The moon cycle is the original calendar.
This is because, before artificial light or other modern day inputs, most women Bled with the Dark Moon and ovulated with the Full Moon.
This might be hard to imagine or believe, but if you’ve ever watched bugs get zapped in a bug zapper, you are actually witnessing the same phenomena that has women bleeding at all times of the month.
Biological things are affected by light. In fact, it is light that governs the reproductive, sleep/wake, and growth cycles of biological things. If you’ve ever grown weed indoors, you know this, too, as you’ve had to pay close attention to the light and dark cycles to get those sparkly purple flowers.
We are also biological beings, of course, and we are just as governed by light and light cycles. We are even imprinted with these light cycles as our most primary biological functions, including our feminine hormonal cycle.
We see this easily with the seasons, which show us the impact of the sun’s light cycle on Earth’s living things.
The moon is reflecting the sun’s light. So she is beaming a nice soft sunlight onto Earth, and she does this in this a growing and then pulling back pattern that we call the waxing and the waning moon. What’s happening is that, as Mama Moon moves around the Earth, she is projecting different intensities of sunlight down onto Earth, with the most intense light at the Full Moon, the “lunar summer,” you could say, and the least intense under a Dark Moon, such as today when the night is at its darkest.
Later on this timeline, I’ll talk more about how our hormonal cycle STILL carries out this lunar imprint, and how we can use the map of the moonlight to understand our feminine cycle, EVEN THOUGH today we are no longer collectively aligned with the moon phases, because we are now governed by many many light inputs that all affect us, rather than just the moon and sun and other stars, as were the Ancestors.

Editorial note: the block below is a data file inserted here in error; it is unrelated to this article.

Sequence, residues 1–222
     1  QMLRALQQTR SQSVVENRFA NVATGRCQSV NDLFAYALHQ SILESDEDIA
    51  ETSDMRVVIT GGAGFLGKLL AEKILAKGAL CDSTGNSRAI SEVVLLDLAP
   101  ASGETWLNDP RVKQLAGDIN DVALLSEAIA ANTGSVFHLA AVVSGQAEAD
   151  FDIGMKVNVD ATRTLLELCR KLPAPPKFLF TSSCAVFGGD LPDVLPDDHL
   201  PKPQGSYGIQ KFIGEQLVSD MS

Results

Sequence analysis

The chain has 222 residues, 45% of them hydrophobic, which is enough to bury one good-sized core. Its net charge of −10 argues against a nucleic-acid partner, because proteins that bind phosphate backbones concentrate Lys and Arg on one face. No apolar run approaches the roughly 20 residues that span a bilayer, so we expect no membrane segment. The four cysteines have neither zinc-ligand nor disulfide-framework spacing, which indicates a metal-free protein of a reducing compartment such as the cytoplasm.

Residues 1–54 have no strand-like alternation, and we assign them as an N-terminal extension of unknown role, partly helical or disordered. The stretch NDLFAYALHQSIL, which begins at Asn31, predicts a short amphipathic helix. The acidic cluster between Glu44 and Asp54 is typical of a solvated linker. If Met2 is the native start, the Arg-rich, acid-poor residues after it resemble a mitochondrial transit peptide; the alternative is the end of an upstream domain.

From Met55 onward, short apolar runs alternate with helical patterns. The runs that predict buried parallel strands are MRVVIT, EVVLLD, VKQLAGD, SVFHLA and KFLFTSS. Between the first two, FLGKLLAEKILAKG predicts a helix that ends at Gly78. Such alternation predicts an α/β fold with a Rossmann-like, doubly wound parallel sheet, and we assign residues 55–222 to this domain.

But for now, what I’d like you to take away is that this growing and fading light affects us the same as it governs all biological life on this planet – shaping our growth cycle.
And so, before the modern day glitters (this includes not just light but also things like artificial foods, contraceptives, and more), when women mostly all bled on the Dark Moon and ovulated on the Full Moon, this would have meant that our Ancestors’ lives were dictated by the cycles of the Moon in the same way they were dictated by the cycles of the sun. They marked time by the moon. The moon led them into Dark periods of rest and brought them into the Light for active work and building. When women bled and when they were fertile would also dictate the communities and even the traditions, many of which we still celebrate in various forms to this day, just as we still celebrate the solar holidays.
In a world where we’re supposed to keep everything even remotely suggestive of our Bleeding Time to a private, hush hush tone, and we’re expected to just keep it moving all the same all cycle long, it’s hard to imagine that the Bleeding Cycle dictated all human life and ongoings (not just for the women), community life, traditions and holy-days, and even represented what we think of as a calendar today.
But it was.
And the truth is that the moon is still our most innate calendar, and by learning and aligning with its rhythm and organic flow, we can know a different kind of life than feeling like we’re struggling upstream all the time, exhausted, sick, all kinds of feminine imbalances popping up here and there, living just to get by – rather than thriving and creating a life you’re excited to keep waking up for.
If you’re interested in getting to know your own cycles, follow along this timeline and watch out for the Lunar Forecast right here in 13Moons: Stories & Art each month. We’ll be taking a look at the rhythm of the moon through a different lens each cycle. Or dive full into the Lunar Living Lifestyle Stream on Patreon to stay in the flow real time and access tools, classes, and other resources for getting to know the language of your magical feminine cycle.
[IMAGE CREDIT: Ignacia Ossandón]